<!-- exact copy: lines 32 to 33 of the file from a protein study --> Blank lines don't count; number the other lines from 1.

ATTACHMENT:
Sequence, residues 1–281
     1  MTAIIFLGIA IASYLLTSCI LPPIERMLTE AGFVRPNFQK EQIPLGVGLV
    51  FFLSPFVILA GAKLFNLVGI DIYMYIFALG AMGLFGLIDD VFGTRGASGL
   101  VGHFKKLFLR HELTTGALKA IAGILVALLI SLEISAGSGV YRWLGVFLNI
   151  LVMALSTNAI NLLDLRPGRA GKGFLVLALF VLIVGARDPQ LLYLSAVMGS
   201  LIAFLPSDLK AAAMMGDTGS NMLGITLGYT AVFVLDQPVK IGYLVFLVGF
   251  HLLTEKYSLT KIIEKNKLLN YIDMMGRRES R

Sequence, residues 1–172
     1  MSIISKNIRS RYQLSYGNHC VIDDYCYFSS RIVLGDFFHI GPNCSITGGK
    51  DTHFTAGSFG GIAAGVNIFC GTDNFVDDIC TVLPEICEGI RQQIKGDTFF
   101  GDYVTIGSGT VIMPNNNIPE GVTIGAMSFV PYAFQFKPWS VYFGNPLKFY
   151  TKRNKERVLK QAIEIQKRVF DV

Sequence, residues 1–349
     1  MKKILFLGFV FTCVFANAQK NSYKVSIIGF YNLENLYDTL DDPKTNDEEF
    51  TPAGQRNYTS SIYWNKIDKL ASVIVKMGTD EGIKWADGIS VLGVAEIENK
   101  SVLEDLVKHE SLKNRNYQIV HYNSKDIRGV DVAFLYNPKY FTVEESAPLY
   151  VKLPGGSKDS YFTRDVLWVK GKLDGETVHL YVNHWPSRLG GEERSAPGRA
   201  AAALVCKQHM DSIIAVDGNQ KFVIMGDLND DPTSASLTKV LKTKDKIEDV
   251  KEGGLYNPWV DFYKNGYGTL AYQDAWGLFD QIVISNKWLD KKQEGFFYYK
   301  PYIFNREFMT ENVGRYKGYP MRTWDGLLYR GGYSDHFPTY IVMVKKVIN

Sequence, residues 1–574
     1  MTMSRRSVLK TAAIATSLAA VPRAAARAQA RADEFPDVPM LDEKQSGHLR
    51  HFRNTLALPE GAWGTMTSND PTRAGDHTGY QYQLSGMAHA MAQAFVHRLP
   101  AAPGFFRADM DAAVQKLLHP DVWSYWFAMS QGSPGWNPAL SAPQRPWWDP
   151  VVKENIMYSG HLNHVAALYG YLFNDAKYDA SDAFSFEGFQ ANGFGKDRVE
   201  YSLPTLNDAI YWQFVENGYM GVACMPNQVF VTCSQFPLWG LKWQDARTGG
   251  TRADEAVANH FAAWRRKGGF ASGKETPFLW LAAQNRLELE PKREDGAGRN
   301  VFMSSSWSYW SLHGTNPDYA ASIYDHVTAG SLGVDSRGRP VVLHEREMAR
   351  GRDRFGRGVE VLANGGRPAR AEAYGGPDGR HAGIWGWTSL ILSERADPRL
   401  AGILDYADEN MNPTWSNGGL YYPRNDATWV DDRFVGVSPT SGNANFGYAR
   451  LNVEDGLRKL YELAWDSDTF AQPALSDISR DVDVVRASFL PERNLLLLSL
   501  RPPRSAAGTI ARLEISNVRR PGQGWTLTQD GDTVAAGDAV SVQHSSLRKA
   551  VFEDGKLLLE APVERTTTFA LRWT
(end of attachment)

   501  RPPRSAAGTI ARLEISNVRR PGQGWTLTQD GDTVAAGDAV SVQHSSLRKA
   551  VFEDGKLLLE APVERTTTFA LRWT